The United Nations has urged “massive” action to save millions of people in the drought-stricken Horn of Africa region. One challenge for the international community is logistical – getting enough food to areas that need it as soon as possible.
“There are fairly good food stores in certain areas that can be brought to the scene immediately,” said David Shinn, former U.S. ambassador to Ethiopia and Burkina Faso. Shinn is currently an adjunct professor of International Affairs at the Elliot School of International Affairs at George Washington University in Washington, D.C.
“The problem is over the longer term where more food is going to be required than I think was originally envisaged,” he said. “It will be necessary to identify and transport to the region significantly larger quantities of food to ensure famine does not extend around the area. “
More challenging is getting food to areas of Somalia held by the Islamic militant group al-Shabab. According to the United Nations, the group controls more than 80 percent of southern areas where there are 500,000 malnourished children.
Al-Shabab has had a rocky rapport with aid agencies. Last year, it kicked out Western aid groups that refused to meet several demands, including a ban on women operating on the ground. Earlier this month, militants said they would allow groups to return to feed those affected by drought. Then, late last week, the group changed its mind, and denied there is famine in Somalia.
Going against policy
Another challenge is the U.S. policy that bans any type of material support to the rebels, including “taxes” imposed on relief agencies.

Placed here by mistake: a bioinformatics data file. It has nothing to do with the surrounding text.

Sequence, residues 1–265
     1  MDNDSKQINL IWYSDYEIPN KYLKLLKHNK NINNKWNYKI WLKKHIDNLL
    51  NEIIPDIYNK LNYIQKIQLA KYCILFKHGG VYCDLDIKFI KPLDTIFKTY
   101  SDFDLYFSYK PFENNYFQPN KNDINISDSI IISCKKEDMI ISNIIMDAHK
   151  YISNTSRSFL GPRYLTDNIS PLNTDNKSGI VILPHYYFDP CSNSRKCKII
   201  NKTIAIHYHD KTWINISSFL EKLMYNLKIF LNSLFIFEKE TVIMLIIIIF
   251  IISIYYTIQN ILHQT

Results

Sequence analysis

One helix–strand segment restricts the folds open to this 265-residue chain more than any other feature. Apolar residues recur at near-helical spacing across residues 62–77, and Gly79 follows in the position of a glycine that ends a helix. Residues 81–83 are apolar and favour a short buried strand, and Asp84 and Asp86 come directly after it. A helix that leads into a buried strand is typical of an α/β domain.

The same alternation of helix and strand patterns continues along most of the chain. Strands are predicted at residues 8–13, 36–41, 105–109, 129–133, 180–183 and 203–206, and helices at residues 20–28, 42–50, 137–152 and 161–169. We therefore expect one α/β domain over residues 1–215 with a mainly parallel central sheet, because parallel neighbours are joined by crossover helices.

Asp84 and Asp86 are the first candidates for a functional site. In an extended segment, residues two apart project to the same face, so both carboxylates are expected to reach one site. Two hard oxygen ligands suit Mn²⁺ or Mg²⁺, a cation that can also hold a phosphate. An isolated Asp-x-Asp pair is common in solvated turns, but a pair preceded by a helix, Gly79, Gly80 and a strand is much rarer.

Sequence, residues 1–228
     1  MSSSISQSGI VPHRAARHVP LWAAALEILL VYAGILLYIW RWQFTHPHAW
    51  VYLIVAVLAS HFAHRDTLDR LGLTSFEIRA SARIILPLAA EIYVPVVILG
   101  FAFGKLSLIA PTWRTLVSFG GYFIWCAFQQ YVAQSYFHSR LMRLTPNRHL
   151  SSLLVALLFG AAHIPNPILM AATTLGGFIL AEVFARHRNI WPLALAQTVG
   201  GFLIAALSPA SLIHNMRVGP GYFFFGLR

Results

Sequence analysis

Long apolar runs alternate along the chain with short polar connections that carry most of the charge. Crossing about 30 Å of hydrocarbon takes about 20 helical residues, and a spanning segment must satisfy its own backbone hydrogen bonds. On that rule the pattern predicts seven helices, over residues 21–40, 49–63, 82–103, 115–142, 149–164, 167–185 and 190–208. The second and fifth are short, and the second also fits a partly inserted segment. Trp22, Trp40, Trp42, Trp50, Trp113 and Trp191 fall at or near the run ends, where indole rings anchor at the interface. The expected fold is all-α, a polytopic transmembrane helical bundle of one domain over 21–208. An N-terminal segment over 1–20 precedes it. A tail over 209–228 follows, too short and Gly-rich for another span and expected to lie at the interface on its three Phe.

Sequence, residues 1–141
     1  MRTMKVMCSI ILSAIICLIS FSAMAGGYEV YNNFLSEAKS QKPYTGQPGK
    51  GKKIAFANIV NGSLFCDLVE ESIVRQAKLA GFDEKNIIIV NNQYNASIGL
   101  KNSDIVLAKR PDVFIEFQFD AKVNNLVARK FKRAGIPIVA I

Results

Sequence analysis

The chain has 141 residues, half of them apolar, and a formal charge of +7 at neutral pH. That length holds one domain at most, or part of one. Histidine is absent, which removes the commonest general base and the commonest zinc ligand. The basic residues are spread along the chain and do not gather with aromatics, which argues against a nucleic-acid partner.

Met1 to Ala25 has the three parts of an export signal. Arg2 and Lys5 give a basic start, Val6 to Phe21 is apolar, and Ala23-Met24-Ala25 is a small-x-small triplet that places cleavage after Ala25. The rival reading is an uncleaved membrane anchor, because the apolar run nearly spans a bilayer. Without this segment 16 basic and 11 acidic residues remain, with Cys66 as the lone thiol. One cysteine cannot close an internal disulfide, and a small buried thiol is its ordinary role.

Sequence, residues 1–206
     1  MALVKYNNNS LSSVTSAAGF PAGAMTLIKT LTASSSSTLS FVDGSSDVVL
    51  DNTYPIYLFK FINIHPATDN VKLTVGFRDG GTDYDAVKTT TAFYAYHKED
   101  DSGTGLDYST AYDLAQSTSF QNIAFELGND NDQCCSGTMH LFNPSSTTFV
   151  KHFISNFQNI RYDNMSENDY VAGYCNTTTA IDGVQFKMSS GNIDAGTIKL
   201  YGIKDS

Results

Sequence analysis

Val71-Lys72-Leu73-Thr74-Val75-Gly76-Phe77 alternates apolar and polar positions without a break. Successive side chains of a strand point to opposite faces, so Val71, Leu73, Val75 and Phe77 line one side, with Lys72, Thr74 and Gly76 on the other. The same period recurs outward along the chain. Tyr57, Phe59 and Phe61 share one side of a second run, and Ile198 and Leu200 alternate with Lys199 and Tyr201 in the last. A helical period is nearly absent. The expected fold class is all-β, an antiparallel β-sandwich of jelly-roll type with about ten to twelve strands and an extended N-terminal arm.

“There was a certain willingness by parts of the international community to ‘wink and nod’ if they felt the conditions by al-Shabab were not that onerous. The U.S. was less willing to do that. It has declared al-Shabab to be a terrorist organization and it has threatened the security of the U.S. So, [the U.S. government] did not want to be in a position of directly or indirectly supporting al-Shabab. It was taking the lead on this issue,” said Shinn.
Security is also an issue, though Shinn rejects introducing any U.N. or AU troops into the area, a move “which could create a bigger problem than the one that already exists there.”
The answer may lie in part with the rebels.
“The best solution,” said Shinn, “is to extract a commitment [from al-Shabab] that there are no conditions. In the interest of keeping Somalis alive, which would seem to be in their interest, too, [the rebels should allow] the international aid agencies and the NGOs to go in to feed Somalis and be left alone."
Shinn said a failure to allow humanitarian relief “makes them look bad as if they have no ability to control events in the territory they have seized.” He said it would also likely mean more Somali refugees heading for Dadaab and other camps in Kenya and Ethiopia.
Oxfam has accused the international community of “willful neglect” in its response to the famine. The aid and development group says the spreading drought and famine had been anticipated for months, but that donors are $800 million behind in their commitments to fight the drought.
But Shinn said the public doesn’t understand the logistics involved in moving large quantities of food on short notice through a long supply chain.
“It is very easy,” he said, “to sit back and pontificate about what’s required and when it’s required, but it’s not always easy to do that… and these are fairly fast-moving events. Even though this problem has been known for months, I don’t think the magnitude was known earlier on and the international community may have been caught off guard.”
On Monday, U.N. agencies pressed for $1.6 billion in aid for East Africa over the next year, with over a fourth of that to be delivered within three months.
Last week, U.S. Secretary of State Hillary Rodham Clinton announced an additional $28 million in humanitarian aid to Somalis suffering from hunger. That comes on top of $431 million in U.S. emergency assistance to the Horn this year.